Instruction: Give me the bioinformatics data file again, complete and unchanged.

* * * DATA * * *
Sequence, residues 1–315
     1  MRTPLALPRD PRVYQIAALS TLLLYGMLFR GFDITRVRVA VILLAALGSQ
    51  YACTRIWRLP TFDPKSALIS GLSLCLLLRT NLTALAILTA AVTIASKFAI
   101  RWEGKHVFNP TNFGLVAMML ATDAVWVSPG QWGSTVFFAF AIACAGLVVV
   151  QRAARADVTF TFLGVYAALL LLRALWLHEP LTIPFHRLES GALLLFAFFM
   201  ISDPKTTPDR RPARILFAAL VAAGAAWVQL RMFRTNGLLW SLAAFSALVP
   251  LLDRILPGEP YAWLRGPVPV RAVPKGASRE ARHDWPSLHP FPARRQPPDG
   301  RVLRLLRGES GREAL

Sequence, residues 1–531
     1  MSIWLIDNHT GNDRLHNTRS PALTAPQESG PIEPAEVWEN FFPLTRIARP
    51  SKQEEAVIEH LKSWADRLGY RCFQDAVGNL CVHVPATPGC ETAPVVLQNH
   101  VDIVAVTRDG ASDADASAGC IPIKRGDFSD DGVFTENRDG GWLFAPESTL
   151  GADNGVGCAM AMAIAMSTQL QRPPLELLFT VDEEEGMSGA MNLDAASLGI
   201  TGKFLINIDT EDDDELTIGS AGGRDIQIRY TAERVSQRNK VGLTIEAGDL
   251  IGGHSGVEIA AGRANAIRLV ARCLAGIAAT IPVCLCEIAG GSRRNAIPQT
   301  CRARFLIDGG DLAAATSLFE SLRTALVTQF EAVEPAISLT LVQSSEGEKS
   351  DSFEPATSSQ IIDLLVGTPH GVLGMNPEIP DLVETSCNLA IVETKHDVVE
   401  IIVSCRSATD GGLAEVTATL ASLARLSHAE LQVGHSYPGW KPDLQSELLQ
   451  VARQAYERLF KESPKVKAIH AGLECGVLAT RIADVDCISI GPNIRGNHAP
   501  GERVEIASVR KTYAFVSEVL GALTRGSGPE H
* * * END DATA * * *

Sequence, residues 1–315
     1  MRTPLALPRD PRVYQIAALS TLLLYGMLFR GFDITRVRVA VILLAALGSQ
    51  YACTRIWRLP TFDPKSALIS GLSLCLLLRT NLTALAILTA AVTIASKFAI
   101  RWEGKHVFNP TNFGLVAMML ATDAVWVSPG QWGSTVFFAF AIACAGLVVV
   151  QRAARADVTF TFLGVYAALL LLRALWLHEP LTIPFHRLES GALLLFAFFM
   201  ISDPKTTPDR RPARILFAAL VAAGAAWVQL RMFRTNGLLW SLAAFSALVP
   251  LLDRILPGEP YAWLRGPVPV RAVPKGASRE ARHDWPSLHP FPARRQPPDG
   301  RVLRLLRGES GREAL

Sequence, residues 1–531
     1  MSIWLIDNHT GNDRLHNTRS PALTAPQESG PIEPAEVWEN FFPLTRIARP
    51  SKQEEAVIEH LKSWADRLGY RCFQDAVGNL CVHVPATPGC ETAPVVLQNH
   101  VDIVAVTRDG ASDADASAGC IPIKRGDFSD DGVFTENRDG GWLFAPESTL
   151  GADNGVGCAM AMAIAMSTQL QRPPLELLFT VDEEEGMSGA MNLDAASLGI
   201  TGKFLINIDT EDDDELTIGS AGGRDIQIRY TAERVSQRNK VGLTIEAGDL
   251  IGGHSGVEIA AGRANAIRLV ARCLAGIAAT IPVCLCEIAG GSRRNAIPQT
   301  CRARFLIDGG DLAAATSLFE SLRTALVTQF EAVEPAISLT LVQSSEGEKS
   351  DSFEPATSSQ IIDLLVGTPH GVLGMNPEIP DLVETSCNLA IVETKHDVVE
   401  IIVSCRSATD GGLAEVTATL ASLARLSHAE LQVGHSYPGW KPDLQSELLQ
   451  VARQAYERLF KESPKVKAIH AGLECGVLAT RIADVDCISI GPNIRGNHAP
   501  GERVEIASVR KTYAFVSEVL GALTRGSGPE H